Fuck yeah, best album ever. It's been a little over a week since I listened to In Utero again, and life has oddly flipped the other direction--for the better. I don't know what hit me, or how, but something about turning on that first album--the only one I can sing every.single.lyric--and just jamming out in my room like I was an angst-filled 12-year-old again, but with all the hindsight and wisdom of being nearly 30 now at my disposal...changed my life for the second time.

Count me surprised when I decided to do some Discogs-ing today and just so happened to come across the 20th anniversary edition of THE ULTIMATE NIRVANA ALBUM released only a day ago. What are the fucking chances?!

Weird. Weird. Weird. But I'll take it. Never owned this one on vinyl, but I just ordered two copies. Let's rock.
ahmerality

ahmerality

March 17, 2011
edited over 8 years ago
You should already know whether you like Nirvana or not.Im just writing this because in my opinion its too significant an album for me not to mention.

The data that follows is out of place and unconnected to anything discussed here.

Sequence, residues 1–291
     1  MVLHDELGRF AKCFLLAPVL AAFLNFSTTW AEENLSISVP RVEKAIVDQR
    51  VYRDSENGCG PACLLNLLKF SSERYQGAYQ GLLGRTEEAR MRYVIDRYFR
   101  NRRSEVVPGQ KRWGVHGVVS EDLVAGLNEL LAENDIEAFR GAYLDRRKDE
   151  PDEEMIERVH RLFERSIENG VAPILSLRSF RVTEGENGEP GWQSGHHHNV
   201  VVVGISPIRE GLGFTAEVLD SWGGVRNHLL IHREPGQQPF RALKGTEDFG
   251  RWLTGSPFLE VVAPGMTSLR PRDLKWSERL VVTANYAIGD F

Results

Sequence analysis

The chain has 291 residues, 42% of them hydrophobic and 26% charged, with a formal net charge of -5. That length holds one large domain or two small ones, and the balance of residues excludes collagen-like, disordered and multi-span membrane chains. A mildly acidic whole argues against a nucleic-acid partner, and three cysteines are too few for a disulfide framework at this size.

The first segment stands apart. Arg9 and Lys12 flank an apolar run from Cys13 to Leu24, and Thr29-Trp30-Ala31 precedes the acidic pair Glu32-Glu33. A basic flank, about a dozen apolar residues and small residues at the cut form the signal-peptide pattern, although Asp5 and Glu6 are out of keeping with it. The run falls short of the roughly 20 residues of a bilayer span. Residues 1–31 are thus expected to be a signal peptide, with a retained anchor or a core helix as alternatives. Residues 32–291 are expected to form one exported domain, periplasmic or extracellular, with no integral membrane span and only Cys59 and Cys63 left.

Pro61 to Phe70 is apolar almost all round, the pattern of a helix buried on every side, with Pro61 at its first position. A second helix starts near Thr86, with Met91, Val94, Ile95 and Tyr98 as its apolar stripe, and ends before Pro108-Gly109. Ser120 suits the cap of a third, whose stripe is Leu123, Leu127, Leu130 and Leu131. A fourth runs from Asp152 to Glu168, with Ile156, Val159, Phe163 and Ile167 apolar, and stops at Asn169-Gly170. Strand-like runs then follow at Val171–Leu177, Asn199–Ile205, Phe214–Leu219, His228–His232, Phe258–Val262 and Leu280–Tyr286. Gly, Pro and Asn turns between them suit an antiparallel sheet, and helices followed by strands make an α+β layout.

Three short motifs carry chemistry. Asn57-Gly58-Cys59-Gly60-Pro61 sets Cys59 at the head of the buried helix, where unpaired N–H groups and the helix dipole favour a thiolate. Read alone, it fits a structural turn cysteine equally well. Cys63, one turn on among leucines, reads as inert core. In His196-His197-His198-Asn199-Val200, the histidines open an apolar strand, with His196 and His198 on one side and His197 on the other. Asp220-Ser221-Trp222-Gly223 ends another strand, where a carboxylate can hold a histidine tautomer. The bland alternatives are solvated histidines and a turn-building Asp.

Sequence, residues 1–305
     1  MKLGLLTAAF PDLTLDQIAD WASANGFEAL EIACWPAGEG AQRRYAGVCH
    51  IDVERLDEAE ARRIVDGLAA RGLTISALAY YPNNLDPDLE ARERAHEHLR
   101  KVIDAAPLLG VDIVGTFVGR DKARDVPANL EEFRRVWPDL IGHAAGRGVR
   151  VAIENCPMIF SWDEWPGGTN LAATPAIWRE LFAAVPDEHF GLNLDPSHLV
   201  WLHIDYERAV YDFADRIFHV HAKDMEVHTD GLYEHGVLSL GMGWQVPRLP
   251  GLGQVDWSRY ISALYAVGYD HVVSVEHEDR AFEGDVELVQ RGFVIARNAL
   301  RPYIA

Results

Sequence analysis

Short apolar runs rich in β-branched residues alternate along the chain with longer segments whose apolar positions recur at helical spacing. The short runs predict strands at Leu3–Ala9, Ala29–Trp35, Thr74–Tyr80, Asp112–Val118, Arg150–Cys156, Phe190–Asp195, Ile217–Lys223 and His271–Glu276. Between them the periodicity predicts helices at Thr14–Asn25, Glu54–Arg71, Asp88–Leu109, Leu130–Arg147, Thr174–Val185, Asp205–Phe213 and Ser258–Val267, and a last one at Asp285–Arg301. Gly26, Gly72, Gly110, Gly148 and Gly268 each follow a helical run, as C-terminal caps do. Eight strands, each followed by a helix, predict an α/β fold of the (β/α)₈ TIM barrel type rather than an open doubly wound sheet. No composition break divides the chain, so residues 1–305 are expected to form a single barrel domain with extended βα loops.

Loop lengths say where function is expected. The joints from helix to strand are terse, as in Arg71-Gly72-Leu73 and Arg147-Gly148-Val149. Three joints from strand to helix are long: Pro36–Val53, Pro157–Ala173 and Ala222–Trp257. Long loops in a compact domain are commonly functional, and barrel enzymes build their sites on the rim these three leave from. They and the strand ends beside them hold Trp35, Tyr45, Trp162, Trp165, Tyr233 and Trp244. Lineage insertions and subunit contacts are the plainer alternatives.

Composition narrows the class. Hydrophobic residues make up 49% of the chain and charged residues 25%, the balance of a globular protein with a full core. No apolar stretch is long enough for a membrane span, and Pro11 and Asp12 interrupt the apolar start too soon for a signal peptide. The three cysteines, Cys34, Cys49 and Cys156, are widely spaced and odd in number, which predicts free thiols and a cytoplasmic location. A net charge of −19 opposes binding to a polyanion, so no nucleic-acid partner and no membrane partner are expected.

Maybe the greatest post-metal guitar band ever and In Utero is arguably not definable in any category let alone “grunge”.
In Utero represented the end of the line for nihilism.Through his own success Cobain ultimately parodied a complete rejection of everything that came his way.And in the end he rejected himself.
He would do wouldn’t he,right?He was a junkie after all….no that’s not why he tapped into so many people.
Regardless of your moral stance on his suicide people connected with him not because of that but because he chose to reject convention.
Older listeners might moan that he borrowed sounds from many sources:the Beatles-esque sensibility in his basic tune composition,the raw anarchic feedback reminiscent of many sonic youth/sub pop digressions,the distinctive stop-start melody structure of the pixies. But ultimately this very insistence of the critics proves that this was a relevant band.
He rebelled against everything and he didnt seem to know why,whatever,nevermind.Something about that helplessness seemed to pervade thru to the MTV generation of the day